Treatment for Bipolar Disorder

Effective treatment for Bipolar Disorder begins with a comprehensive assessment establishing the diagnosis of Bipolar Disorder, as well as any other co-existing mental disorders and/or substance abuse disorders. Such a comprehensive assessment is essential to properly tailor treatment for the individual. Once the diagnosis has been made, the individual is often assessed for psychotropic medications. For most clients diagnosed with Bipolar Disorder, psychotropic medications will play a central role in their treatment and they will be on psychotropic medications for the long term. At Allenmore Psychological Associates, our Advanced Registered Nurse Practitioner (ARNP) evaluates and prescribes psychotropic medications for individuals suffering with Bipolar Disorder. The therapists at APA also regularly collaborate with other ARNP’s, physicians and psychiatrists in the community who are prescribing medications for our patients with Bipolar Disorder. APA is a well established practice which has been providing bipolar disorder treatment in Tacoma for nearly three decades, as such our therapists have close working relationships with many local medical providers. Having a solid treatment relationship with a medication prescriber over time is essential for the successful treatment and maintenance management of Bipolar Disorder.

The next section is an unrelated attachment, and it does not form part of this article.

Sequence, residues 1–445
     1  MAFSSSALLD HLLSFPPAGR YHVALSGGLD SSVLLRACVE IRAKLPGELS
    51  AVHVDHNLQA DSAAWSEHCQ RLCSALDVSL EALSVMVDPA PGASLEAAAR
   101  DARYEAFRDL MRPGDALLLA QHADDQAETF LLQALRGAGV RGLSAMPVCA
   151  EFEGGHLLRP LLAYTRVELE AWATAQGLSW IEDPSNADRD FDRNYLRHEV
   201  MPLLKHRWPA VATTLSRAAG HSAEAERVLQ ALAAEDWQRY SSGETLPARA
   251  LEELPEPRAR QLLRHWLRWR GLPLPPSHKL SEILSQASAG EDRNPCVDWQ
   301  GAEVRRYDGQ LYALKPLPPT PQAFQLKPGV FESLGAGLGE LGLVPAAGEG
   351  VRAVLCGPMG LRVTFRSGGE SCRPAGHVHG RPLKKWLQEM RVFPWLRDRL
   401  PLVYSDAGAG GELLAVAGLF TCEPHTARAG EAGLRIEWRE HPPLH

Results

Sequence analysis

The Role of Psychotropic Medications